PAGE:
Knowing your enemy

“Know your enemy,” says Sun Tzu in The Art of War. And in the current cyberwar the enemy are the bots, the Trojans, the worms and viruses, and all the other malware that seeks to breach our cyber defences. The clear implication is a need to monitor and understand these threats. But the threats are continuously evolving, changing and increasing, so that threat monitoring must also be continuous.

There are many ways this can be done: by signing up to the “alerts” RSS feeds almost always provided by the major systems and software providers; by monitoring the national computer emergency response teams, and in particular the one hosted by Carnegie Mellon University in the United States; or by subscribing to alert providers such as Secunia.

An alternative or additional approach is to monitor the blogs of leading security researchers such as David Harley (ESET), Luis Corrons (PandaLabs), Rik Ferguson (Trend Micro) and Graham Cluley (Sophos), all of whom provide insight and commentary on the current threat environment.

But the enemy isn’t just the threats, it is also the time needed to do all of this. Amanda Finch, general manager at the Institute of Information Security Professionals, suggests a risk management approach to ease the burden. Continuous threat management should depend on the business and the risks it faces. “For example,” she says, “in manufacturing this is probably not necessary or cost effective; but for utilities or banks, or high security situations, it may be.

Research shows that the vast majority of breaches depend upon the user doing something he or she should not

“With the sophistication of the cyber threat and the techniques, methods and tools available to attackers, the days of retrospectively checking incident and event logs is wholly inadequate for most business – certainly where monetary value, intellectual property or sensitive personal information is involved.”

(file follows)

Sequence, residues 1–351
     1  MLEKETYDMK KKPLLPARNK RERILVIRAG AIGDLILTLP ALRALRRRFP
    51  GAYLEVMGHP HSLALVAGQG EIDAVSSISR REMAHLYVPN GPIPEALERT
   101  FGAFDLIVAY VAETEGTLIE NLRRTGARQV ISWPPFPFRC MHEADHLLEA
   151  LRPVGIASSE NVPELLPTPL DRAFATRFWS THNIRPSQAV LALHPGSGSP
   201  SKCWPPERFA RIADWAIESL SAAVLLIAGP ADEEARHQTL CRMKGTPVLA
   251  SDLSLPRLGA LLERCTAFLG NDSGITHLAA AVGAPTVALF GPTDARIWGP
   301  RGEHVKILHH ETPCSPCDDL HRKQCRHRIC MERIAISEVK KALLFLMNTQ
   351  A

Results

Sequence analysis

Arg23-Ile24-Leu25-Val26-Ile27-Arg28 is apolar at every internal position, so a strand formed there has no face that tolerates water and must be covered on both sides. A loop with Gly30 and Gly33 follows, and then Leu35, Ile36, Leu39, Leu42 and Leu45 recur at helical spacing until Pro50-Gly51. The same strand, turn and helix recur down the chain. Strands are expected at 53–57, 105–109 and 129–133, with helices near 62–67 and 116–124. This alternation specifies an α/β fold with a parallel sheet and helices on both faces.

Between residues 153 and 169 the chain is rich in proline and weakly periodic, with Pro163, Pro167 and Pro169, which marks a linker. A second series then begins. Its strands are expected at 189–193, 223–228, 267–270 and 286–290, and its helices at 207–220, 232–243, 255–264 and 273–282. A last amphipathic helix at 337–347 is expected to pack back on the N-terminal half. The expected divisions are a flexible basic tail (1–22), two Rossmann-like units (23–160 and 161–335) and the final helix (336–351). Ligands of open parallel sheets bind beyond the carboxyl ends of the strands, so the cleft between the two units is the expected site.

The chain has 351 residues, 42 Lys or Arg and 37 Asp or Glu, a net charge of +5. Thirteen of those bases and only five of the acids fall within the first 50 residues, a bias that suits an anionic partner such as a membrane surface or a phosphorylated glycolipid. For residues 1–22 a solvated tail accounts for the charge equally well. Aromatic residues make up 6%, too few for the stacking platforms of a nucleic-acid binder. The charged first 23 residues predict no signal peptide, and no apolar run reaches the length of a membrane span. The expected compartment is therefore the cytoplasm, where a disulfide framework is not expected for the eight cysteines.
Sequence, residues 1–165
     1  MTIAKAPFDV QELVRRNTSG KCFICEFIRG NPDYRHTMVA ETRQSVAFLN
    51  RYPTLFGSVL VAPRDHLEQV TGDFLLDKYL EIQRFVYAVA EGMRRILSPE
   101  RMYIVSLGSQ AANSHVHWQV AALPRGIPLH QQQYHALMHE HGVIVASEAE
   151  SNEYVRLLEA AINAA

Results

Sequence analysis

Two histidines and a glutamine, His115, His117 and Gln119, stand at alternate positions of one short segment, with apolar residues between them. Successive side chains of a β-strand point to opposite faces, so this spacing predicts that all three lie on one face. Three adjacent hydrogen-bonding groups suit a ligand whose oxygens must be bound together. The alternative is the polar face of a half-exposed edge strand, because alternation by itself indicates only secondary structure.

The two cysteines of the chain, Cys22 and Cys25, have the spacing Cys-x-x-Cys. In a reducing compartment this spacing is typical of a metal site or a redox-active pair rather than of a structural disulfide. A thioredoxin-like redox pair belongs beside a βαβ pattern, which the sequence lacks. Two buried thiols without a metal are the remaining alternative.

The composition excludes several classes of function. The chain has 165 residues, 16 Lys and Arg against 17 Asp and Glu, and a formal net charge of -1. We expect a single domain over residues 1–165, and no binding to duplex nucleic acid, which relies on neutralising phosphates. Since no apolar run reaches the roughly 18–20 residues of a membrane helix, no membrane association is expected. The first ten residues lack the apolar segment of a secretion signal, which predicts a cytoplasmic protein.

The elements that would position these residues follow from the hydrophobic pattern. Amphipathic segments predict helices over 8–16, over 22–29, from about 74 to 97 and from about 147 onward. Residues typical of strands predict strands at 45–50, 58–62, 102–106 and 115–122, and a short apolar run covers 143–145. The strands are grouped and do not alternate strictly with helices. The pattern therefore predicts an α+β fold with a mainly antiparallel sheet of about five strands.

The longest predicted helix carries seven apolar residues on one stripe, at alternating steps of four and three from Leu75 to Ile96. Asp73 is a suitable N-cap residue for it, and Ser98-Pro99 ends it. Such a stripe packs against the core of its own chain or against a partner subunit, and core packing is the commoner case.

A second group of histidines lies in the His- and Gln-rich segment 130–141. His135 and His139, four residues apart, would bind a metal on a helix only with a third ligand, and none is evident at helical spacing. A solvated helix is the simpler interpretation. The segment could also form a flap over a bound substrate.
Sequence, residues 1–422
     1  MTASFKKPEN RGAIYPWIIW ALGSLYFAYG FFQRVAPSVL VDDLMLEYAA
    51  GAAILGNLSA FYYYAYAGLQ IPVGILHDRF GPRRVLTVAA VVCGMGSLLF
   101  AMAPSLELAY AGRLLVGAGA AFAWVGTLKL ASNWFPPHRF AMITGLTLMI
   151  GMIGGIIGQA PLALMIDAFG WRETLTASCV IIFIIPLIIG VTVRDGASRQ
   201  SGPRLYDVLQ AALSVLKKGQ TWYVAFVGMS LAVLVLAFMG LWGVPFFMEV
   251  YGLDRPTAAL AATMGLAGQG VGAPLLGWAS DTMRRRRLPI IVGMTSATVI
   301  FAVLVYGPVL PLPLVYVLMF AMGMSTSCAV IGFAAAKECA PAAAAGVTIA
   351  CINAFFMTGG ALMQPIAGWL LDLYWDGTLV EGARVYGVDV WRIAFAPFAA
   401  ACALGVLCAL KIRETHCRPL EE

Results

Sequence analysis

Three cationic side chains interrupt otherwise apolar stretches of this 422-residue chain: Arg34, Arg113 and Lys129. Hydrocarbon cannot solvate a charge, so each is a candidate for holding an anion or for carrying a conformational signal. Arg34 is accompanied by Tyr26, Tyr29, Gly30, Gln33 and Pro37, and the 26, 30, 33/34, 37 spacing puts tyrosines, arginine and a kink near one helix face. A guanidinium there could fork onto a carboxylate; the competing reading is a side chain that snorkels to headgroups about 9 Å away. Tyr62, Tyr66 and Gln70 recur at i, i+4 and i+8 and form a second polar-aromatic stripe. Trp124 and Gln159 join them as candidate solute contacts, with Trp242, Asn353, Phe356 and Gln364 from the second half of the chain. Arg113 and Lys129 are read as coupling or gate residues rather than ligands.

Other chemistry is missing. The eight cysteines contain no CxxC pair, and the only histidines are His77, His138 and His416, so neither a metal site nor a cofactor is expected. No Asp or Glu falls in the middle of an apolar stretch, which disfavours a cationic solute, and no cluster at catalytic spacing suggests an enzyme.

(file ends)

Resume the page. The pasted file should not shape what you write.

Even this is too simplistic, though: the real enemies are the vulnerabilities that allow the malware into the system, and the user. Microsoft research shows that the vast majority of breaches depend upon the user doing something he or she should not and that a statistically insignificant number of breaches are caused by the feared zero-day threat. Further research shows that the bulk of detected threats appear after the vulnerability is patched by the vendor.

Stuart Aston, chief security adviser at Microsoft, takes up the story: “You have to start from a thorough understanding of the risk. If you understand your risk, it will help you understand how to monitor the threats. For example, a large percentage of breaches come from end users actively doing something they shouldn’t. Similarly, 99 per cent of breaches occur via patched vulnerabilities.

“It follows that improving your users’ security awareness together with religious patching will defend against the majority of security attacks. This, coupled with a good defence in depth, is the best way to not merely monitor threats, but to defeat them.”

In other words, it is an effective use of time to let the vendors and security researchers monitor and alleviate the threats, provided the company then acts on the findings, and patches its software.

Continuous threat monitoring, then, should be a combination of watching the industry, using risk-management techniques to concentrate on the most pertinent areas and, perhaps most importantly, keeping all systems and software fully upgraded and patched.